From EatingWell: September/October 2009
The flavor of this salmon chowder is greatly enhanced by adding either fresh dill or dried tarragon: each herb lends its own distinctively different and appealing character to the soup. Even if you don’t keep instant mashed potatoes in your pantry, it’s worth picking some up for this soup. They give the soup a thick, chowder texture without any heavy cream or butter. Leftover mashed potatoes work too, but give a slightly less-velvety texture.
- 1 tablespoon canola oil
- 1/3 cup chopped carrot
- 1/3 cup chopped celery
- 4 cups reduced-sodium chicken broth
- 1 1/2 cups water
- 1 12-ounce skinned salmon fillet, preferably wild-caught (see Note and Tip)
- 2 1/2 cups frozen cauliflower florets, thawed and coarsely chopped
- 3 tablespoons chopped fresh chives or scallions, or 1 1/2 tablespoons dried chives
- 1 1/3 cups instant mashed potato flakes (see Note), or 2 cups leftover mashed potatoes
- 1/4 cup chopped fresh dill, or 2 teaspoons dried tarragon
- 1 tablespoon Dijon mustard
- 1/4 teaspoon salt
- Freshly ground pepper to taste
- Heat oil in a large saucepan or Dutch oven over medium heat. Add carrot and celery and cook, stirring frequently, until the vegetables just begin to brown, 3 to 4 minutes. Add broth, water, salmon, cauliflower and chives (or scallions) and bring to a simmer. Cover and cook, maintaining a gentle simmer, until the salmon is just cooked through, 5 to 8 minutes. Remove the salmon to a clean cutting board. Flake into bite-size pieces with a fork.
- Stir potato flakes (or leftover mashed potatoes), dill (or tarragon) and mustard into the soup until well blended. Return to a simmer. Add the salmon and reheat. Season with salt and pepper.
Tips & Notes
- Notes: Instant mashed potato flakes is not a product that we typically use in our recipes, but we love how it gives creamy texture to soup without adding extra fat. Look for a brand that has the fewest ingredients possible (and therefore little to no artificial additives or flavoring). At our local market, the store brand was the best choice.
- Wild-caught salmon from the Pacific (Alaska and Washington) are more sustainably fished and have a larger, more stable population. For more information, visit Monterey Bay Aquarium Seafood Watch (mbayaq.org/cr/seafoodwatch.asp).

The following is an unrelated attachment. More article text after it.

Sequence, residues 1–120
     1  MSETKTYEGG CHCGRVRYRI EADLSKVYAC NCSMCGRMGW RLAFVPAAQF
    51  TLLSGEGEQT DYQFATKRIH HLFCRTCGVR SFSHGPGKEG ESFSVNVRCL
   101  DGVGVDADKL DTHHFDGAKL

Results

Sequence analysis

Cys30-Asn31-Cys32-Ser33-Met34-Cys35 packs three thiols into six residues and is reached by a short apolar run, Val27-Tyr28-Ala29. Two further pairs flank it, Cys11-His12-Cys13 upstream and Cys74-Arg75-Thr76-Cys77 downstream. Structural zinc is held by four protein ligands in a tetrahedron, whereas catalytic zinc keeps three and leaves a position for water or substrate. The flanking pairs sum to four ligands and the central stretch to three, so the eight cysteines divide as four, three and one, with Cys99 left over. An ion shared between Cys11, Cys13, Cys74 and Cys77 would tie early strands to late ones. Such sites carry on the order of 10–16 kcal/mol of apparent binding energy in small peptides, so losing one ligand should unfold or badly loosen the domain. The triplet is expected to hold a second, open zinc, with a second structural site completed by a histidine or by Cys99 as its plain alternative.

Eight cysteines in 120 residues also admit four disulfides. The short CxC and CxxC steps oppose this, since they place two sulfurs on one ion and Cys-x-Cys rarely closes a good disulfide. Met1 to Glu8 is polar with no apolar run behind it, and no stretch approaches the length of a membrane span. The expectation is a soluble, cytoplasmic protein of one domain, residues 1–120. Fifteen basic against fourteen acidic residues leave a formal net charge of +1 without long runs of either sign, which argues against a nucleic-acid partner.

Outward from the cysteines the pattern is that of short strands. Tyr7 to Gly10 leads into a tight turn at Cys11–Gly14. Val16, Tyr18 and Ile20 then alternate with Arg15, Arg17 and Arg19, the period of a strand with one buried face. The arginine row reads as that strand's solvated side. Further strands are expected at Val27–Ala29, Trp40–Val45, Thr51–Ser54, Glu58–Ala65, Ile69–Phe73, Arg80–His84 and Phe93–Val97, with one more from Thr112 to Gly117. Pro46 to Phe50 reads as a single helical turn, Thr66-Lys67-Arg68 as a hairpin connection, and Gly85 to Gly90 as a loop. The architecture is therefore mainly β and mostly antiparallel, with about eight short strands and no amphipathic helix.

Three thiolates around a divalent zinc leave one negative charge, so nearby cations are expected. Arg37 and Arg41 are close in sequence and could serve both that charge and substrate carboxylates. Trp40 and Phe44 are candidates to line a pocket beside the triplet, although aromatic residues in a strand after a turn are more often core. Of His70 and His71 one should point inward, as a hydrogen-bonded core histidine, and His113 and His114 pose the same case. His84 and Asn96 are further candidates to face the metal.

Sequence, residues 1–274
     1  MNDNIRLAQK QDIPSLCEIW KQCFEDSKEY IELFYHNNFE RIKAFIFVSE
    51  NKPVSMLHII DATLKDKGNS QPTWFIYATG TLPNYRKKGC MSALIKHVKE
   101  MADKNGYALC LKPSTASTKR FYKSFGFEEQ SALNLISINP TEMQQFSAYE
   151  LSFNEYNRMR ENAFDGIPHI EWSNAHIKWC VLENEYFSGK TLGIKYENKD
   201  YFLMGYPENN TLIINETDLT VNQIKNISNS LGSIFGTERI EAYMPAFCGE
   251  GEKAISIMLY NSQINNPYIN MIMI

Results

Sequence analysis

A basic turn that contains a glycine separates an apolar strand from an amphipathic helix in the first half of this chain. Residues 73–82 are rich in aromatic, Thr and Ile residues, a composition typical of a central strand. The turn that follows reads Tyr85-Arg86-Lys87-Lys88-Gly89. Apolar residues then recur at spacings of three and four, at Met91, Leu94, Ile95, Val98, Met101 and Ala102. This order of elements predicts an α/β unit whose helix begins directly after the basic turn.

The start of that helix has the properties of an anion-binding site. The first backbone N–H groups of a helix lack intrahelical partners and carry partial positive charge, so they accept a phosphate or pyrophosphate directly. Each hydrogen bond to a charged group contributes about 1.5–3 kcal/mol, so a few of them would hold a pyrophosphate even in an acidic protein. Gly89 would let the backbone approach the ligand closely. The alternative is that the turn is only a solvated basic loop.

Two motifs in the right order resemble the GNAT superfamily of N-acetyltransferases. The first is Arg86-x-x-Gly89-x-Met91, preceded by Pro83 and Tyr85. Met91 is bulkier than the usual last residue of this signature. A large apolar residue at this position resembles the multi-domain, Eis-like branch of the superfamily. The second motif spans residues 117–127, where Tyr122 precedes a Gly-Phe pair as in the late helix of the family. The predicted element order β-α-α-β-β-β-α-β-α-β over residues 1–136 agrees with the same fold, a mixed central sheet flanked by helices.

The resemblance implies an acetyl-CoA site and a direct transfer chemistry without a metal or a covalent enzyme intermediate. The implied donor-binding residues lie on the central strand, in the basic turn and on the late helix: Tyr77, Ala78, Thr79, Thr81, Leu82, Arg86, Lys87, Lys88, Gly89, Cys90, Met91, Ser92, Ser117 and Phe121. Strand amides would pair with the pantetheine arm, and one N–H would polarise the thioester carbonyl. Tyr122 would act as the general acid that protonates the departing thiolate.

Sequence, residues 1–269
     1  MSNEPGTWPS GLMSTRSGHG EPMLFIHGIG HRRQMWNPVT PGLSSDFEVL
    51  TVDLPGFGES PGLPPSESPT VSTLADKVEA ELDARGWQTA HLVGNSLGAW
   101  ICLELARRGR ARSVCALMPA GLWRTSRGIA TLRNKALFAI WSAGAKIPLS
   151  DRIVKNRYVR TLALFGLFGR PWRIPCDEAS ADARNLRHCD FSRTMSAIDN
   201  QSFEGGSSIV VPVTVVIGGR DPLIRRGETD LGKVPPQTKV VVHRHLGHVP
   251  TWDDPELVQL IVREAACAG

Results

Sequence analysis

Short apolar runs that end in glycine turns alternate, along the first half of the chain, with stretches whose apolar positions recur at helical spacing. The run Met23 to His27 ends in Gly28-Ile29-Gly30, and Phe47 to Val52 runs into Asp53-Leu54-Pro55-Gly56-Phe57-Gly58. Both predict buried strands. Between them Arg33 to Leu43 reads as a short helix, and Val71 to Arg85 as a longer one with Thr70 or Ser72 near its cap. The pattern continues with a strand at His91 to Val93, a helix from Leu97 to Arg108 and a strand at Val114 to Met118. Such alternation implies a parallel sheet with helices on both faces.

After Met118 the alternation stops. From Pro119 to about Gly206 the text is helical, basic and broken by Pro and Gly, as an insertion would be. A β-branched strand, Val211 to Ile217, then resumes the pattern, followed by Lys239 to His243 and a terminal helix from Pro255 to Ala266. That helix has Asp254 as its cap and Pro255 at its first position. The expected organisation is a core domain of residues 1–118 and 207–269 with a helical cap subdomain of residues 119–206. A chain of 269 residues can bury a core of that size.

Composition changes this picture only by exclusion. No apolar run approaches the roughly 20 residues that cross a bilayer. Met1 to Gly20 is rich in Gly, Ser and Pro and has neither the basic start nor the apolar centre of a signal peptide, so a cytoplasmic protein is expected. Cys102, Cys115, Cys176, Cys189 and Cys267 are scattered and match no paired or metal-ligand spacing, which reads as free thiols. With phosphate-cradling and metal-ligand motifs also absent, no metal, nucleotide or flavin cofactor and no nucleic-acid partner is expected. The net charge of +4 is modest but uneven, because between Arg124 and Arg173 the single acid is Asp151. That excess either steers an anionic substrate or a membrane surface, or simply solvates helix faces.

- Tip: To skin a salmon fillet, place on a clean cutting board, skin side down. Starting at the tail end, slip the blade of a long, sharp knife between the fish flesh and the skin, holding the skin down firmly with your other hand. Gently push the blade along at a 30° angle, separating the fillet from the skin without cutting through either.
Per serving: 115 calories; 5 g fat (1 g sat, 2 g mono); 27 mg cholesterol; 4 g carbohydrates; 0 g added sugars; 15 g protein; 2 g fiber; 552 mg sodium; 496 mg potassium.
Nutrition Bonus: Vitamin C (50% daily value), Vitamin A (25% dv), source of omega-3s.
Exchanges: 1 starch, 1 vegetable, 2 lean meat
More From EatingWell
Fresh, sun-ripened tomatoes not only taste wonderful, they...
Add these healthy and delicious recipes to your gluten-free...
When summer tomatoes from backyard gardens and farmstands hit...
When the produce section looks bleak, turn to the freezer....
If you’re craving an easy dessert tonight, we have just what...
The Meatless Monday movement is growing in popularity across...
Potassium plays a vital role in keeping your heart healthy...
Go beyond the gin and tonic this summer and mix up cocktails...
In the hot months of summer, cool down with a refreshing and...
Our nonalcoholic drink recipes, or “mocktails,” are festive...
Kick back and enjoy one of our delicious healthy summer punch...
During the busy workweek, these no-cook dinner recipes are...
Quinoa is a superfood that is packed with fiber and protein...
Fresh leeks are a delicious addition to many recipes. These...
Farmers’ markets and gardens are full of fresh and delicious...
Sardines (Pacific, wild-caught) are one of the healthiest...
- Super Bowl
- Ease of Preparation
- Main Ingredient
- September/October 2009